The possible presence of foodborne pathogens is a concern to all dairy producers, farms that have value-added dairy businesses should be extremely vigilant.
Silage can be a potential source of pathogens that are detrimental to humans and animals. However, implementing good silage management practices can minimize exposure. Examples include harvesting at the right time, properly functioning equipment, packing and covering the storage structure to exclude oxygen, possibly using inoculants and additives to aid in fermentation, and having employees follow safety protocols. Additionally, traffic control on the farm to prevent cross-contamination and restricting access to protected feed or calf areas can limit the spread of pathogens. Good hygienic practices especially when feeding and milking are encouraged.
A foodborne pathogen that is often associated with silage is Listeria monocytogenes (Driehaus et al, 2018). This persistent pathogen is a nemesis of food processors. Human and animals can experience serious health consequences including death due to this organism. L. monocytogenes has been isolated from various environmental sources including soil, water, and manure. Forage crops ensiled by wrapping, bagging, or storing in bunker silos can potentially be contaminated. When conditions are favorable for L. monocytogenes, such as when silage has fermented poorly, bacteria may multiply rapidly (Queiroze et al. 2018). Attention to the ensiling process to decrease pH and exclude oxygen will limit the resources available to bacteria for survival and growth. Anytime new material is added to a storage structure is an ideal time for the harmful bacteria to multiply due to exposure to oxygen and elevated pH before it ferments. Most pathogenic microorganisms need specific conditions to grow including a food source, the proper pH, moisture, time, and a specific temperature range. Some also need oxygen while others do not or require only a limited amount. Pathogens can be reduced or eliminated by taking away the resources they need for survival. Pasteurization or other lethality treatments of milk and dairy products such as the acidification or drying reduces or eliminates the risk due to pathogens.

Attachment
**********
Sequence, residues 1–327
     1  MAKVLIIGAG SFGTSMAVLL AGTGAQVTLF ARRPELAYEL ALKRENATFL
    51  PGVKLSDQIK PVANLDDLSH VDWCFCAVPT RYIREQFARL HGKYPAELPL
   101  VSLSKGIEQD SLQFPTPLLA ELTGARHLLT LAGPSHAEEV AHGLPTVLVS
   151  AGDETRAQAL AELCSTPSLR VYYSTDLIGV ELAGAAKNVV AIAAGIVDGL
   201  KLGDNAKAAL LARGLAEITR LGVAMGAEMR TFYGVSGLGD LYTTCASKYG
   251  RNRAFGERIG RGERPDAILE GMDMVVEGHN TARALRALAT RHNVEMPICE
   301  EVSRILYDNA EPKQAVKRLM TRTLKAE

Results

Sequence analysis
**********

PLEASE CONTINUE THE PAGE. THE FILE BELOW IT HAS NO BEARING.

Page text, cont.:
L. monocytogenes can be found throughout the farm environment. An association between poor ensiling practices and pathogenic bacteria has been demonstrated, so be prepared for harvest and implement a plan for making good quality silage. Minimizing the risk of illness from L. monocytogenes and providing a safe, high quality product should be a goal for all dairies including value-added enterprises.
Driehaus F, Wilkinson JM, Jiang Y, Ogunade I, and Adesogan, AT. 2018. Silage review: Animal and human health risks from silage. J Dairy Sci 101:4093-110.
Queiroz OCM, Ogunade IM, Weinberg Z, and Adesogan, AT. 2018. Silage review: Foodborne pathogens in silage and their mitigation by silage additives. J Dairy Sci 101:4132-42.
Sanaa M, Poutrel B, Menard JL, and Serieys, F. 1993. Risk factors associated with contamination of raw milk by Listeria monocytogenes in dairy farms. J Dairy Sci 76(10):2891-8.